I don’t generally make political remarks on this blog. Normally, I confine myself to matters related to reading, writing and, occasionally, my life as both reader and writer. But, occasionally, politics impacts on those things, breaking through my general cynicism about the populace’s ability to change anything and provoking genuine outrage. The whole tuition fees debate is just such an issue.
It’s not an issue for me simply because it will impact on my family, though it will; hundreds of thousands of families will be impacted on in exactly the same way, some more so. At least only one of my sons will have to pay the new exorbitant fees.
It’s not an issue for me simply because of the hypocrisy and power-hungry spinelessness of the Liberal Democrats – a party I have voted for consistently ever since I reached the age at which I was able to vote because I thought Liberal meant liberal.
It’s not an issue for me simply because of the utterly outrageous burden that the young people of our country are being asked to take on in this supposedly collective belt-tightening, a burden so far in excess of the other cut-and-tax measures as to be ridiculous.
The coalition’s stated aim was to cut by 80% and tax by 20%. Well they’re certainly cutting the universities’ tutorial grant by 80% - a far greater cut than any other public service is being asked to bear - but instead of raising the students’ burden by 20% they’re raising it by 200%. How is that fair? How is that proportionate and equitable?
The government thinks it can get away with that kind of increase because the young are in such a minority that even if they every single person under 25 voted to oust the current government, they couldn’t. There aren’t enough of them.
It’s not even an issue for me because of fatuous comments like the one I heard made during Radio 4’s coverage of the vote on tuition fees last Thursday. Some MP, asked for his opinion before the vote, opined that there were people in his constituency who had no hope of ever going to university and that they should not, therefore, be asked to pay for the education of those who are capable of benefitting from it.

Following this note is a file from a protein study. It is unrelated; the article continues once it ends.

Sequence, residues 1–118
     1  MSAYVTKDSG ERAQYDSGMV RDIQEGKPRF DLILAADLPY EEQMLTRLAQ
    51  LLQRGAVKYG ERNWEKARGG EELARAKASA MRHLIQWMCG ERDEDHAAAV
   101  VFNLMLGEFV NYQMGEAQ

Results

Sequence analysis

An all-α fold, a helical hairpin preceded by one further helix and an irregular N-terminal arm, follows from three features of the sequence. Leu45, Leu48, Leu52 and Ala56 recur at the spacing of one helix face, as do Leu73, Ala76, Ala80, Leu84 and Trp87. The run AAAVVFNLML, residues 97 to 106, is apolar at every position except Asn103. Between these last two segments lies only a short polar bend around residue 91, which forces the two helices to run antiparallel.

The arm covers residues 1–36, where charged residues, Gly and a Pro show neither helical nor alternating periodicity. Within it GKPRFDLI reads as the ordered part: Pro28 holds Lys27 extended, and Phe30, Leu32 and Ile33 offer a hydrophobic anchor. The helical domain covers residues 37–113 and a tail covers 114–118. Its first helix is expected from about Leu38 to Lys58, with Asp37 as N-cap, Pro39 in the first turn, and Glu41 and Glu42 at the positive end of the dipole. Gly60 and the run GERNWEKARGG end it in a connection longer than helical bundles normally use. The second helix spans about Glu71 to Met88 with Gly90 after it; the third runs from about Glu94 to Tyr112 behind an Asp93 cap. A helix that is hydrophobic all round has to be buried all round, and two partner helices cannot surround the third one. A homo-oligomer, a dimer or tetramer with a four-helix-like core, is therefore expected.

Just how fatuous a remark that is can be seen if you replace ‘those who have no hope over ever going to university’ with ‘those who’ve never had occasion to go into hospital’ and ‘pay for the eduation of those who are capable of benefitting from it’ with ‘pay for the care of people who, sadly, are sick but no responsibility of mine.’
If you want to live in a country where those values are played out, help yourself. Start swimming off the West Coast of Ireland. The outrage over President Obama’s healthcare reforms shows exactly the same ‘it’s nothing to do with me so why should I pay?’ attitude.
The actual issue that is causing me such outrage is the underlying attitude towards education which this whole fiasco reveals. And that attitude is that education must pay its way in a very simplistic money-out-of-individual’s-pocket-as fees, money-back-into-individual’s-pocket-as-increased-income/tax-potential equation.
Ever since Margaret Thatcher’s philistinistic government of the late 70s and early 80s there seems to have been a growing acceptance amongst our ruling classes that education must be useful in a direct and obvious way. The increasing marginalisation of history, art, music and other ‘non-core’ subjects in schools betrays a mindset which says ‘if it ain’t useful to the common good, they can do it in their own time.’ Well what the hell is the common good if it’s not an agglommeration of all the individual goods?
When I was at university there was a ha-ha line going around that scientists ask ‘what’ and artists ‘why?’
This government needs to ask itself why it thinks having an educated, informed population of enquiring minds is not worth paying for. Particularly when it so clearly thinks that propping up a corrupt and reckless banking system is.
Here endeth the political rant.